Plowshares and Pruning Hooks:
Rethinking the Language of Biblical Prophecy and Apocalyptic
D. Brent Sandy (IVP, 2002)Blurb Review by Rev. Glenn Nesbitt.
Review by Rev. Glenn Nesbitt.
In Plowshares and Pruning Hooks, Brent Sandy aims 'to understand biblical prophecy and apocalyptic biblically...to discover how biblical languages functions, how genres differ and how the original hearers would have understood what the prophets said.' The result is an accessible and thought provoking examination of the language of the prophets, particularly those of the Old Testament.
In the early chapters, Sandy states that the power of prophecy lay in its subject matter. The 'big issues' of God, humanity, calamity and prosperity necessitated strong language and vivid imagery especially as the prophets were speaking to spiritually harden people. Yet presenting God's message in human language limited by human experience was problematic. At the basic level, when should the words be taken at face value? Sandy rightly points out that the challenge lay with both the language of the prophecy itself and the audience.
In chapters 3-5, Sandy then outlines how the language of prophecy works as he examines the nature and function of metaphors and the portrayal of destruction and blessing. The best way to conceive the inconceivable about God is to picture him acting in very extreme ways and so the rhetoric of these 'covenant enforcement mediators' was intended to shock their audience to repentance and faith. Within this context, Sandy draws attention to the role of illocution, as the function of statements can yield clues to their meaning not just their content. There is also a helpful treatment of apocalyptic language with the plea to feel the emotion of the words and pay attention to their oral nature while not pushing all the detail for meaning.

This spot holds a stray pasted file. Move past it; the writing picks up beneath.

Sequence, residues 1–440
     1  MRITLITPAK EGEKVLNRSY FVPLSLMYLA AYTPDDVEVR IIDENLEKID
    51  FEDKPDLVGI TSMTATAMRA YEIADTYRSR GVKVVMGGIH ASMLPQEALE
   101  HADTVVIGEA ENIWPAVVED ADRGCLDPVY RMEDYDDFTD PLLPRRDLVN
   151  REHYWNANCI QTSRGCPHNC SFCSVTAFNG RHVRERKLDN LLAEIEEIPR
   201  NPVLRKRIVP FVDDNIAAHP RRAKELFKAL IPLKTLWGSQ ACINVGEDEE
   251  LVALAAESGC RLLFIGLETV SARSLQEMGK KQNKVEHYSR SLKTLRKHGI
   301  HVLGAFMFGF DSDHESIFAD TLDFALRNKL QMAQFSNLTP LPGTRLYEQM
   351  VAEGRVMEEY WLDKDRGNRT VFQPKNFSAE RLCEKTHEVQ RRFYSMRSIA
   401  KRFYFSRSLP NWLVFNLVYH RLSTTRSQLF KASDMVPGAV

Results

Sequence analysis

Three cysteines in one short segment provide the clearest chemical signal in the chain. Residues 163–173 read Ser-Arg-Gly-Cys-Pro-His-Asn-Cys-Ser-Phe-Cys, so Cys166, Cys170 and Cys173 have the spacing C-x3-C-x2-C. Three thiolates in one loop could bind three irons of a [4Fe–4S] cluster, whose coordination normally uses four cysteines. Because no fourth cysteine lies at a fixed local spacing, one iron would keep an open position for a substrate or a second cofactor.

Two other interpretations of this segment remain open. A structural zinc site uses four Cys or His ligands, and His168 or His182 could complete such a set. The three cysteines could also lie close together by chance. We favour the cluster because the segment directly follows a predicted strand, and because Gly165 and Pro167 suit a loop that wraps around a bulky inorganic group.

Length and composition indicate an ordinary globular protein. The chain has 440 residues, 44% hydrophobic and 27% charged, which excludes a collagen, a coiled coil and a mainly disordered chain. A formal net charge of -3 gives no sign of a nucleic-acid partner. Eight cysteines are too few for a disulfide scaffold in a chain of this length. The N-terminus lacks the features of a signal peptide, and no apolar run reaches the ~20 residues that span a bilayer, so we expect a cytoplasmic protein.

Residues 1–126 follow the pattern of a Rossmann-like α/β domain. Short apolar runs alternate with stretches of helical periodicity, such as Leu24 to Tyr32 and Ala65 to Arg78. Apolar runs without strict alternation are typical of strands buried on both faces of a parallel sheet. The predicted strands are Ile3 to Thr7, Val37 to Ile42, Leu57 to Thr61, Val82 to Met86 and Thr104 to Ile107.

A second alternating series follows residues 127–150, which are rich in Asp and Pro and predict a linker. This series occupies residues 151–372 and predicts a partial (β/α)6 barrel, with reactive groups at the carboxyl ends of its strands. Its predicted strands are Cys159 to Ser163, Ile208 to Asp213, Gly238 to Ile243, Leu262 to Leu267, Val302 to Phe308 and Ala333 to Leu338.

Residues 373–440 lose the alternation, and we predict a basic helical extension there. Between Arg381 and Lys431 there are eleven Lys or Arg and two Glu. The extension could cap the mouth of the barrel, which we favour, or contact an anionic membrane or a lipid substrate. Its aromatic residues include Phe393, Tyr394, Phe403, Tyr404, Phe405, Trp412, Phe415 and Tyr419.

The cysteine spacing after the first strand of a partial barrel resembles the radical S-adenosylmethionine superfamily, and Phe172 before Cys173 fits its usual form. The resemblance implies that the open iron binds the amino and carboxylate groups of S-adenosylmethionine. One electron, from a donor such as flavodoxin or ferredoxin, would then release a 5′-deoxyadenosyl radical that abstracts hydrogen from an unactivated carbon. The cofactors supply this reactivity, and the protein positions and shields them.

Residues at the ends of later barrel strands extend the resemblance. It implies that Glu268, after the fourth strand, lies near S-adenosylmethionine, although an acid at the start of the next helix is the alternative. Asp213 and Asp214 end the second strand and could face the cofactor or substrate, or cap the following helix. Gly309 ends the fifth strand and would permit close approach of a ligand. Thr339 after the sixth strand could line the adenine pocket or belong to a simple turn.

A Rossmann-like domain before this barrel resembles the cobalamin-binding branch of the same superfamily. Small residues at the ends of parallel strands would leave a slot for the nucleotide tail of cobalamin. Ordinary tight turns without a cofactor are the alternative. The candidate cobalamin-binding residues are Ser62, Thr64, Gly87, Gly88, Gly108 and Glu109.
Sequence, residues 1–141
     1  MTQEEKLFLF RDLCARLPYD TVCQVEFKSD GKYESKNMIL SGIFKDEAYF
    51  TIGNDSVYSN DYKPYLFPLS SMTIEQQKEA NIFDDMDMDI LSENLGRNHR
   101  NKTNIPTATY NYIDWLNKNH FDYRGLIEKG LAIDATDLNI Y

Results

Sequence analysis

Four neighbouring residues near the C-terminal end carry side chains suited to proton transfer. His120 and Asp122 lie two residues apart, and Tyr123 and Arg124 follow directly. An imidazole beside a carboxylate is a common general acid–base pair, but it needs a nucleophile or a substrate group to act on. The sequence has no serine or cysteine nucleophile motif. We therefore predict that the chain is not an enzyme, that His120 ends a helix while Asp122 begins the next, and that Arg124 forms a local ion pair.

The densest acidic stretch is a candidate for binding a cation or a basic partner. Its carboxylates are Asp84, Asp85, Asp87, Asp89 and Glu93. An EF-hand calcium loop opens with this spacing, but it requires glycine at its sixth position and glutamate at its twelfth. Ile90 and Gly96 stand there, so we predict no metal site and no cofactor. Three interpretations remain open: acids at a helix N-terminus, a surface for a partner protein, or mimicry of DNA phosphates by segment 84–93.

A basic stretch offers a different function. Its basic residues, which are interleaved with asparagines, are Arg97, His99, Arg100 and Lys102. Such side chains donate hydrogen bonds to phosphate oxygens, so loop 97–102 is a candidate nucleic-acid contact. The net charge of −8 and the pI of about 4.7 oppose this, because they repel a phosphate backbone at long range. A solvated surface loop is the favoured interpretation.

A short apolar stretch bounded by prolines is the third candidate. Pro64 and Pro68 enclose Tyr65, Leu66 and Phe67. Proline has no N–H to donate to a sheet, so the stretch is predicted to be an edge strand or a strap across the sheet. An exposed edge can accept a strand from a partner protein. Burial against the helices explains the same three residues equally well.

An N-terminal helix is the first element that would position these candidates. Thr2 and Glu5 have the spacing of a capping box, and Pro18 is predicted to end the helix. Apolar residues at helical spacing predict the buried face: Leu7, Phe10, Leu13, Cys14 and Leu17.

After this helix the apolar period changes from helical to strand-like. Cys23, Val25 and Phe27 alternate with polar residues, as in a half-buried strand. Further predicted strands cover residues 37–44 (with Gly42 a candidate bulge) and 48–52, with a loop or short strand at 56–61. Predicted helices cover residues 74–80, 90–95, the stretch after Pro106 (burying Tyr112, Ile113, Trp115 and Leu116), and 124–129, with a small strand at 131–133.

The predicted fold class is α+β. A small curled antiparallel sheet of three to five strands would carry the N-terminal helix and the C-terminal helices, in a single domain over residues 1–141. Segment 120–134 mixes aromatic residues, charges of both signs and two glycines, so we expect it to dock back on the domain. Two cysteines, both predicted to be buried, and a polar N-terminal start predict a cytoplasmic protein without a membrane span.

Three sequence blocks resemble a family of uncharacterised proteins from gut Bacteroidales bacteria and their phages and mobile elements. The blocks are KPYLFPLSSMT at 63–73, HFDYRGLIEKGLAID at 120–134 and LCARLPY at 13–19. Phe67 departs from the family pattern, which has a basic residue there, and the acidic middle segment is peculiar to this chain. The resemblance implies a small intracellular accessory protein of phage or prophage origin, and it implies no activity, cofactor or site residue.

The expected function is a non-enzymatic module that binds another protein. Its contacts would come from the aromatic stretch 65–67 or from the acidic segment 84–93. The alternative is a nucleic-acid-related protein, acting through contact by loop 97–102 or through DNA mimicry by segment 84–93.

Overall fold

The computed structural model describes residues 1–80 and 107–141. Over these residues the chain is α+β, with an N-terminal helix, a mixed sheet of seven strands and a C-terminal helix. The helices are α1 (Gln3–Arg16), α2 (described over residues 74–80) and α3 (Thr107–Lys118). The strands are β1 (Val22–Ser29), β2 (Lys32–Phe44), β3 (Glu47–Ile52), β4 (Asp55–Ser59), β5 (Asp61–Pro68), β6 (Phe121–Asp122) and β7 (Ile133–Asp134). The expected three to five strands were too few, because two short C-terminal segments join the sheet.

The final two chapters focus on fulfillment, particularly prediction. The prophets prosecuted and persuaded through prediction, but to what extent did their pronouncements reveal details about the future? Sandy argues that they were transparently clear about the reality of judgment, but translucent about how it would occur, although past events were useful signposts. Twelve features of New Testament apocalyptic are then mentioned and the book concludes with some wise hermeneutical guidelines.
Plowshares and Pruning Hooks performs that valuable function of forcing the preacher or reader to think hard about what the prophet said and why he spoke in that way with those words. Sandy wants readers to read slowly and keep asking questions of the text. His modeling of sensitivity to the poetic language of prophecy is particularly helpful together with his warnings against literalism especially as it is often tempting to reading this genre like a New Testament epistle.
However the one major drawback of the book is its failure to interpret many of the prophecies in the light of Christ. Sandy believes that 'the central focus of prophecy is the Son of God', but this fails to inform or structure his writing. Messianic prophecies and expectations are mentioned, but there is no consideration of the three 'peaks' of fulfillment (immediate, Christ's first coming and then his second) or how the coming of Christ changed the New Testament writers' perspective of the future. The intentions of the prophets take precedence over their place in the canon and the role of biblical theology as a hermeneutic tool is neglected. The reader is left looking for a bit more. Nevertheless, Plowshares and Pruning Hooks is a very good secondary book for those beginning a preaching series or study in the prophets.
- 1 Corinthians
- 1 John
- 1 Samuel
- 1 Timothy
- 2 John
- 2 Kings
- 2 Samuel
- 3 John
- Biblical Theology
- New Testament
- Old Testament
- Old Testament Theology
- Song of Songs
- Wisdom Literature